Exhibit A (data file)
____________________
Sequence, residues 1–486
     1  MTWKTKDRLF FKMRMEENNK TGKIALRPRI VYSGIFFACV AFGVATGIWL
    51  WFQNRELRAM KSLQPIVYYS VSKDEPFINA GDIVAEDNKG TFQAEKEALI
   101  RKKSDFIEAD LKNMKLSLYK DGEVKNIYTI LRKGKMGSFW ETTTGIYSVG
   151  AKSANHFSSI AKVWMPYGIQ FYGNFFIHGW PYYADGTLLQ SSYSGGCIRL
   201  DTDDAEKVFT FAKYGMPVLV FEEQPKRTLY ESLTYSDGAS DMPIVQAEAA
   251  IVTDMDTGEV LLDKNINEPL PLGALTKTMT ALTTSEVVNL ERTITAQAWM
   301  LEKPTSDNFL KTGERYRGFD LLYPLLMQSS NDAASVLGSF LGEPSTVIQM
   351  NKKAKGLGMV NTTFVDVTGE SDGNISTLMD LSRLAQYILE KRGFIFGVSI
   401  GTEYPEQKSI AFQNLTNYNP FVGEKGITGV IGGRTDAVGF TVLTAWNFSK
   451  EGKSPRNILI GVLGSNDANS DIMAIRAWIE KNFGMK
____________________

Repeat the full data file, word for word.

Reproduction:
Sequence, residues 1–486
     1  MTWKTKDRLF FKMRMEENNK TGKIALRPRI VYSGIFFACV AFGVATGIWL
    51  WFQNRELRAM KSLQPIVYYS VSKDEPFINA GDIVAEDNKG TFQAEKEALI
   101  RKKSDFIEAD LKNMKLSLYK DGEVKNIYTI LRKGKMGSFW ETTTGIYSVG
   151  AKSANHFSSI AKVWMPYGIQ FYGNFFIHGW PYYADGTLLQ SSYSGGCIRL
   201  DTDDAEKVFT FAKYGMPVLV FEEQPKRTLY ESLTYSDGAS DMPIVQAEAA
   251  IVTDMDTGEV LLDKNINEPL PLGALTKTMT ALTTSEVVNL ERTITAQAWM
   301  LEKPTSDNFL KTGERYRGFD LLYPLLMQSS NDAASVLGSF LGEPSTVIQM
   351  NKKAKGLGMV NTTFVDVTGE SDGNISTLMD LSRLAQYILE KRGFIFGVSI
   401  GTEYPEQKSI AFQNLTNYNP FVGEKGITGV IGGRTDAVGF TVLTAWNFSK
   451  EGKSPRNILI GVLGSNDANS DIMAIRAWIE KNFGMK